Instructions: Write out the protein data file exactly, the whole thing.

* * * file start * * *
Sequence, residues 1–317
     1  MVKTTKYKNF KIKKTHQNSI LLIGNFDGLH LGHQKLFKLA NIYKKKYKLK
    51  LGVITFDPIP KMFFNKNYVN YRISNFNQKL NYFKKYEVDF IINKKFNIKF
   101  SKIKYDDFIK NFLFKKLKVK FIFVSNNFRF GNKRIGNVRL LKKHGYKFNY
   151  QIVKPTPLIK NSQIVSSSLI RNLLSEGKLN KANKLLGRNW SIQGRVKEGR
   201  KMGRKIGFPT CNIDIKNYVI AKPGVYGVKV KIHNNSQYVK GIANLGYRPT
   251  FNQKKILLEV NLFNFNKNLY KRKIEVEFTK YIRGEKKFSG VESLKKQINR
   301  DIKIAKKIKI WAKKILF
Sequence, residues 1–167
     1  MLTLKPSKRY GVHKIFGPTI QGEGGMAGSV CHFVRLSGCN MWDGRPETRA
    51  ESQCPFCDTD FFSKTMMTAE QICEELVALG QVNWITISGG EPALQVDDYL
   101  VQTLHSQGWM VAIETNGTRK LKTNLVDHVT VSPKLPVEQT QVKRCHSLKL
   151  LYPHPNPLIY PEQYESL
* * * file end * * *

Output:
Sequence, residues 1–317
     1  MVKTTKYKNF KIKKTHQNSI LLIGNFDGLH LGHQKLFKLA NIYKKKYKLK
    51  LGVITFDPIP KMFFNKNYVN YRISNFNQKL NYFKKYEVDF IINKKFNIKF
   101  SKIKYDDFIK NFLFKKLKVK FIFVSNNFRF GNKRIGNVRL LKKHGYKFNY
   151  QIVKPTPLIK NSQIVSSSLI RNLLSEGKLN KANKLLGRNW SIQGRVKEGR
   201  KMGRKIGFPT CNIDIKNYVI AKPGVYGVKV KIHNNSQYVK GIANLGYRPT
   251  FNQKKILLEV NLFNFNKNLY KRKIEVEFTK YIRGEKKFSG VESLKKQINR
   301  DIKIAKKIKI WAKKILF
Sequence, residues 1–167
     1  MLTLKPSKRY GVHKIFGPTI QGEGGMAGSV CHFVRLSGCN MWDGRPETRA
    51  ESQCPFCDTD FFSKTMMTAE QICEELVALG QVNWITISGG EPALQVDDYL
   101  VQTLHSQGWM VAIETNGTRK LKTNLVDHVT VSPKLPVEQT QVKRCHSLKL
   151  LYPHPNPLIY PEQYESL